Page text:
The third beta of Xcode 6.3 was released on March 12. The IDE offers several handy new features, and fixes a fair few issues with its earlier versions too. Let us have a look-see of the main points of interest in the new Xcode version.
About a week back, Apple seeded the third beta of Xcode 6.3 to developers. The initial feedback has been favorable, with many of the new features in the latest version of the integrated development environment coming in for particular praise. The general consensus seems to be, Xcode 6.3 (with Swift 1.2) is going to make iPhone app development easier and more streamlined. In this discussion, we will take a tour through the best new features in Xcode 6.3:
- Updated compiler functionality – Version 6.1 of the LLVM compiler has been built into the Xcode 6.3 environment. iOS developers would get greater convenience while working with the arm64 architecture. The vector intrinsics system has also been tweaked around, to suit the specifications of the ARM compiler. The option of automatic generation of warning diagnostics is a nice addition as well.
- Swift Migrator tool – For Mac and iOS app developers working with Xcode 6.1.1 and Swift 1.0/1.1, this is a very useful feature. The Swift Migrator allows coders to seamlessly port their source codes to Swift 1.2 – without any risks of loss of unsaved data. All that users have to do is click on Edit → Convert → To Swift 1.2.
- Language enhancements for Objective-C – Xcode 6.3 comes with significant language enhancements for Objective-C (a further proof that Apple has no plans to phase out the language anytime soon). The new version of the Xcode IDE supports the ‘nullability’ feature – which enables programmers to declare variables, parameters and return types with greater flexibility. Block pointers and C pointers can also be used along with the nullability qualifiers. What’s more, addition of ‘nullability’ to the Obj-C API does not, in any way, affect the process of code-generation by the compiler.
- Rectified Interface Builder – A common complaint among Mac/iPhone app development experts about the earlier betas of Xcode 6.3 was the random misalignment of the different ‘Views’. Xcode 6.3 beta 3 ensures that all ‘Views’ have built-in autoresizing masks. Since they are now stored inside the class references (NSScrollView, UITableView, etc.), there are no chances of misalignment either. Clearly, the developers at Apple have paid heed to the early feedback from Xcode-users.
- Improved debugger functionality – Mobile app testing is likely to become simpler, quicker and more foolproof in the Xcode 6.3 framework. Every expression in Objective-C, C and C++ are evaluated in it by a default prototype (for printf ()). The new LLDB setup makes the overall testing/debugging experience on arm64 devices more efficient. The only thing iOS developers working with the latest version of Xcode have to be wary of is the declaration of conflicting printf (), which would generate errors in .lldbinit.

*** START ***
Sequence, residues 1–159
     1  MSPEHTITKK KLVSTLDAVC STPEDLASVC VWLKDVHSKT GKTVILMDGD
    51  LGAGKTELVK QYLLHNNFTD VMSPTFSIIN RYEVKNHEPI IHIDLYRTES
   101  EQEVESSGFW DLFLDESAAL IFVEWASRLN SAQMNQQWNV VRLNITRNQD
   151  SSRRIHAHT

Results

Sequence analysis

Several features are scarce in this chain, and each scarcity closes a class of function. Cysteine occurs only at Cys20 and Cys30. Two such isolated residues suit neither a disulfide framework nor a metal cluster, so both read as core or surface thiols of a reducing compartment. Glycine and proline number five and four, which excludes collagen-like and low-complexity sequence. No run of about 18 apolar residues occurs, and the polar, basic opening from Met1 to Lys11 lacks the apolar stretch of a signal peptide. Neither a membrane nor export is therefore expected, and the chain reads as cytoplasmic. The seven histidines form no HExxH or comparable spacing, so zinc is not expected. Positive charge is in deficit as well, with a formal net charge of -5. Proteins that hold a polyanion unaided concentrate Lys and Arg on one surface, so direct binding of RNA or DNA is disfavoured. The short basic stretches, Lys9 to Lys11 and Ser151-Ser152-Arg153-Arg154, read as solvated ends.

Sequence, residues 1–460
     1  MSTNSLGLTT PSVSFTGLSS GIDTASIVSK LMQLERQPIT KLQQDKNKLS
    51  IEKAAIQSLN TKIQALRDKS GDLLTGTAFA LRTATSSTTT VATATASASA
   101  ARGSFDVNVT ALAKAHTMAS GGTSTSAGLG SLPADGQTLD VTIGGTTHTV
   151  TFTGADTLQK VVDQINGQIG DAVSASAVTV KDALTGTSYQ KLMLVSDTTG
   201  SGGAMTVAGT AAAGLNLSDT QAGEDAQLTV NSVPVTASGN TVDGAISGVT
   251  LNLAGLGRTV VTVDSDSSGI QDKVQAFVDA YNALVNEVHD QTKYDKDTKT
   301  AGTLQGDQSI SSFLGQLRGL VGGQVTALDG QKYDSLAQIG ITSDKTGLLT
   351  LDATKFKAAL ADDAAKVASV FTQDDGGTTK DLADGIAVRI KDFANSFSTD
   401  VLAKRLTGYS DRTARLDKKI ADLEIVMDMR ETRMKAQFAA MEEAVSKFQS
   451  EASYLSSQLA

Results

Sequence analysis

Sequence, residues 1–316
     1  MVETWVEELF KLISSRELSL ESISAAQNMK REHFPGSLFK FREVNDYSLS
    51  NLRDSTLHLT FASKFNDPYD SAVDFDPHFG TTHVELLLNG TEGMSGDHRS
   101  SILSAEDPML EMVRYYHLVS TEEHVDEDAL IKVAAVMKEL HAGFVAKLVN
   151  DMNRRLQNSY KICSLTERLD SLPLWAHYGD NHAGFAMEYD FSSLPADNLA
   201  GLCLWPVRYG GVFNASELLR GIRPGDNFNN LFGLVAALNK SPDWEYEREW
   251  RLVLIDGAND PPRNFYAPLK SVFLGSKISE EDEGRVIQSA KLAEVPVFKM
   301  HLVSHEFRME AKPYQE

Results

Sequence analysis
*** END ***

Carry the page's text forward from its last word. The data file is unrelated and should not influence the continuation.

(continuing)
- Language enhancements for Swift – Xcode 6.3 offers coders the first feel of Swift 1.2, and has a host of new enhancements for the already-popular programming language. Targets can now be built incrementally, which ensures that each and every source file in Swift does not have to be rebuilt (as was the case in the earlier Swift versions). Multiple optionals can also be tested with the ‘if let’ construct, in Xcode 6.3/Swift 1.2. Coders from iOS app companies have also pointed out the new Set data structure (which can be bridged with NSSet) as an important addition to the overall Xcode playground. The new data structure supports full value semantics, and makes the usage of unique elements in app codes easier.
- Smooth exporting of Swift enums – Swift had always been positioned as a language which can work concurrently with Objective-C, and here is another proof of that. Xcode 6.3 beta 3 introduces a new functionality – that of exporting Swift enums to an Objective-C platform. The @objc attribute has to be used for this purpose. In Objective-C, enums do not have the ‘namespacing’ feature. This, in turn, makes it mandatory for developers coding for iOS apps to concatenate the name and case of every Swift enum, before exporting it to Obj-C.